Approved by the school’s board of trustees and announced by university president Colleen M. Hanycz, the decision “is a strategic and good use of our assets,” university spokeswoman Jaine Lucas said. “We are doing what we feel is in the  interest of our students.”
It follows similar steps by other universities around the country in recent years to help stem financial woes — although some schools that have sold or attempted to sell art have faced challenges.
At Brandeis University in Massachusetts, a plan to close its museum and sell its art was reversed after backlash from students and faculty and legal action. Randolph College in Virginia was roundly criticized for its decision to sell a George Bellows painting worth more than $25 million.
The same controversy could follow the decision at La Salle, a 3,200-student Catholic university in Philadelphia’s Logan section, whose collection composes one of the most highly regarded university museums in the region. Just hours after the announcement, members of the local art community began questioning the decision."


"The process of selling art, known as deaccessioning, is a fraught one for museums; major professional organizations like the American Alliance of Museums condemn the sale of art to pay for expansions, physical repairs or ongoing expenses, as opposed to using the proceeds for the acquisition of other works or, perhaps, the care of a collection.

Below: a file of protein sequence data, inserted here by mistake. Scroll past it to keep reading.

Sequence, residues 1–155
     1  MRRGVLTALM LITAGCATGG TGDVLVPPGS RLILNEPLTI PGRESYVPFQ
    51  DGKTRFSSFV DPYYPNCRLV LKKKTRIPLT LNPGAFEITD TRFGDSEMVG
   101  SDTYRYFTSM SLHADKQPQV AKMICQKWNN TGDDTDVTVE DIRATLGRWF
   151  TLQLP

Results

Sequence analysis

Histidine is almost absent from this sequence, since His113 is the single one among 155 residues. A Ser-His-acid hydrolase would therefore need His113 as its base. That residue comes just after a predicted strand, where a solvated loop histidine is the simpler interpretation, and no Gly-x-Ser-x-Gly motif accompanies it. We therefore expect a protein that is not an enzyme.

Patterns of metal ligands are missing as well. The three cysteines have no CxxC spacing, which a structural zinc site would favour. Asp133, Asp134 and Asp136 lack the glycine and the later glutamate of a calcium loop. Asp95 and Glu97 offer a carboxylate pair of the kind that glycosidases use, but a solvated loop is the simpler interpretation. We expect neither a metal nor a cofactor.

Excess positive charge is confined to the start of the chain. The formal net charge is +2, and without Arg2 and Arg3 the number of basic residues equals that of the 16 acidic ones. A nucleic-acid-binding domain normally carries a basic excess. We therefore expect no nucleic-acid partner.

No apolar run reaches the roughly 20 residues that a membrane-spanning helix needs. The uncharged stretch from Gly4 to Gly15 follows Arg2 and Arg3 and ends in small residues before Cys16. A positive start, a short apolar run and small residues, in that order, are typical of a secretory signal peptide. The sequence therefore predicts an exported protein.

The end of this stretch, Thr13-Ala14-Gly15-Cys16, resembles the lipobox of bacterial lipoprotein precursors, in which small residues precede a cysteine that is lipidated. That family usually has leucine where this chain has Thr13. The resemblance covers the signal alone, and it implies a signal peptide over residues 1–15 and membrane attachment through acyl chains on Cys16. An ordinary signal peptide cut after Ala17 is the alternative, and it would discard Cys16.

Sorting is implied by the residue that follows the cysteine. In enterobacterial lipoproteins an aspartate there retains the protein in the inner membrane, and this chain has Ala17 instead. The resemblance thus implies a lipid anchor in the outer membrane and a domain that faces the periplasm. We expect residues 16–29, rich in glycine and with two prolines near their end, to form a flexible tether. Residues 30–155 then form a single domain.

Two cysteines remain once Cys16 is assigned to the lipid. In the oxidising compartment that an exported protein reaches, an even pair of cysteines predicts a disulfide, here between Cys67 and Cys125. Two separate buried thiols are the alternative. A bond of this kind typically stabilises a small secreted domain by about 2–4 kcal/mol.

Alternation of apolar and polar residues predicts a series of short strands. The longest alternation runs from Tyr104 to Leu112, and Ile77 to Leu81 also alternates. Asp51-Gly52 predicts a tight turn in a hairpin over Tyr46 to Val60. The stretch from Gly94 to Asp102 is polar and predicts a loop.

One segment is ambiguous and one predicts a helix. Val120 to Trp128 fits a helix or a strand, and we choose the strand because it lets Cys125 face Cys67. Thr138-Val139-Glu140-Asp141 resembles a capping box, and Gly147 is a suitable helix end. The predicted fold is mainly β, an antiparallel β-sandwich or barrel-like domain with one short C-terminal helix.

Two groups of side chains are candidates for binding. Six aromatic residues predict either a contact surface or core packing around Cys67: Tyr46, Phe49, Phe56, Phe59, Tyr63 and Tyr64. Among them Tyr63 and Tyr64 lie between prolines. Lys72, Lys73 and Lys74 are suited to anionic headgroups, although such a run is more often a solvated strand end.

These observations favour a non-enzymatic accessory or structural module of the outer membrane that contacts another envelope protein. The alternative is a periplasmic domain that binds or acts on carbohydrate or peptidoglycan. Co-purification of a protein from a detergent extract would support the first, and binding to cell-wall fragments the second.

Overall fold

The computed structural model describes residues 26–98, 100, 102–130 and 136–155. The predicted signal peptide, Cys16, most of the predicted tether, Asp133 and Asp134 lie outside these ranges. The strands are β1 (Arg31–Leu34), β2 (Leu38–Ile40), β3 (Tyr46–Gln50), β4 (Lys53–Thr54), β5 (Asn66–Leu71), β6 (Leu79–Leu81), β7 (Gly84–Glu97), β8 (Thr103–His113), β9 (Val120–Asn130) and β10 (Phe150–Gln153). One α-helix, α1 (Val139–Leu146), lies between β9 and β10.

At times, government agencies that oversee nonprofit institutions have intervened to halt sales.

In 2009, for instance, the attorney general’s office in Massachusetts conducted a detailed review of Brandeis University’s unexpected announcement that it would shore up its struggling finances by selling all of the works––including those by Robert Rauschenberg, Jasper Johns, Andy Warhol and Roy Lichtenstein––held by its Rose Art Museum, one of the most important collections of postwar art in New England.

Later four of the museum’s benefactors sued to stop any art sales.

That lawsuit and the attorney general’s investigation were both resolved in 2011, with Brandeis announcing that it had “no aim, plan, design, strategy or intention to sell any artwork donated to or purchased by” the school for the museum and that the Rose museum will remain a “university art museum open to the public.”

Saturday, January 6, 2018

The open culture of academic economics

I'll be delivering the Presidential Address at the American Economic Association meetings in Philadelphia today, with a paper to follow later this year. I plan to talk and write about marketplaces, which I think are understudied parts of markets. And I think that market design has a bright future, both as a kind of engineering economics that can help people in very concrete ways, and as a way to shed new light on markets and how they work.